This chapter outlines an ongoing research program which investigates the evolving engagements between ni-Vanuatu and Europeans in the Port Sandwich region (in southern Malakula, Vanuatu) during the period from 1774 to 1915. The research has drawn on a multiplicity of sourcesâ€”including oral traditions, historic documents, and archaeological surveys and excavationsâ€”in an attempt to provide new insights into the process of colonization from both an indigenous and European perspective. For instance, James Cook visited the â€˜idealâ€™ harbour in 1774. Following his positive report of the location, almost all foreign vessels visiting northern Vanuatu over the next 100 years would use Port Sandwich as a base. It became an early focus for sustained European settlement. Although Vanuatu (or the New Hebrides, as it was then known) became a formalized colony in 1906, land purchases in Port Sandwich began as early as the 1870s. Moreover, a French military camp was established earlier, in 1886, and Catholic missionaries arrived two years later. Increasing tensions developed and conflict inevitably erupted. Indigenous resistance continued for decades, and, by 1913, as evidence suggests there was massive depopulation.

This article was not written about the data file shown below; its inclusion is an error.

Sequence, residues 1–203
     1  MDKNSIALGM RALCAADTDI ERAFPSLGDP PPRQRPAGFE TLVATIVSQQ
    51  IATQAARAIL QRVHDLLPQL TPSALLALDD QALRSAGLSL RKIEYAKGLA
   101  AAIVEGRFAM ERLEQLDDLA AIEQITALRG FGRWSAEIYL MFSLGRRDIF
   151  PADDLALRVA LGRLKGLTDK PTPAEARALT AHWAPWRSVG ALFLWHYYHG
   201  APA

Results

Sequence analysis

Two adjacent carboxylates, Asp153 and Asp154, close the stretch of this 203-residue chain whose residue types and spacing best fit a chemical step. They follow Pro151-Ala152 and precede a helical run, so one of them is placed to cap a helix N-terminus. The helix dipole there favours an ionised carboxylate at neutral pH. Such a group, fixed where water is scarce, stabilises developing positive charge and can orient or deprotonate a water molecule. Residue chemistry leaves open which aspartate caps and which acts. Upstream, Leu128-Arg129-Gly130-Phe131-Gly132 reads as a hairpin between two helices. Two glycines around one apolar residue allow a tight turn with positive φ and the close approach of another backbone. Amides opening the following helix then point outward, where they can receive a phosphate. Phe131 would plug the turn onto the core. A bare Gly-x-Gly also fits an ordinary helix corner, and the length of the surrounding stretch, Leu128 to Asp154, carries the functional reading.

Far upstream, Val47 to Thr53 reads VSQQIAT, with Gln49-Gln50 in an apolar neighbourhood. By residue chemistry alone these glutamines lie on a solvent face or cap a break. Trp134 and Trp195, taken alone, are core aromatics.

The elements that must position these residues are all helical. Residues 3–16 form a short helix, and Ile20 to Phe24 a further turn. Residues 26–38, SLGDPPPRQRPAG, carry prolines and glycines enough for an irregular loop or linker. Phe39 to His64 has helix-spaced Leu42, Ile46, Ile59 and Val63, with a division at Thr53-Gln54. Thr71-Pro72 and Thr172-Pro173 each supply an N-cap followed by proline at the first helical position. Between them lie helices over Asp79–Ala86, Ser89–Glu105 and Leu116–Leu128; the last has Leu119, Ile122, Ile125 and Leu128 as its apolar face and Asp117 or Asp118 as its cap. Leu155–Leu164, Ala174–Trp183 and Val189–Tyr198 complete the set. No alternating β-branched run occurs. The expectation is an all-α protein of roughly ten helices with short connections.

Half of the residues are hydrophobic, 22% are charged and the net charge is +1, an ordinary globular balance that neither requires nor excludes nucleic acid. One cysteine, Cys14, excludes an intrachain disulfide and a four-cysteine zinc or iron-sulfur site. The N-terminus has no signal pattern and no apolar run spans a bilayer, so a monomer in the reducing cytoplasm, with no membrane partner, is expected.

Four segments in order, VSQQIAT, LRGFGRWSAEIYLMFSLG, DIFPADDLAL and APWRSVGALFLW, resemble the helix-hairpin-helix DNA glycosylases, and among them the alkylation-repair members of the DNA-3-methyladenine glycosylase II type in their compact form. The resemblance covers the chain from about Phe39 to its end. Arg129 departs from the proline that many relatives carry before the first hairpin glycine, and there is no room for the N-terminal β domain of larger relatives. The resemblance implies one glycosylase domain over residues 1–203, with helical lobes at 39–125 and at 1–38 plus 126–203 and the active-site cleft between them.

|Title of host publication||Historical Archaeology of Early Modern Colonialism in Asia-Pacific|
|Editors||MarÃa Cruz Berrocal and Cheng-hwa Tsang|
|Place of Publication||Florida, USA|
|Publisher||University Press of Florida|
|Publication status||Published - 2017|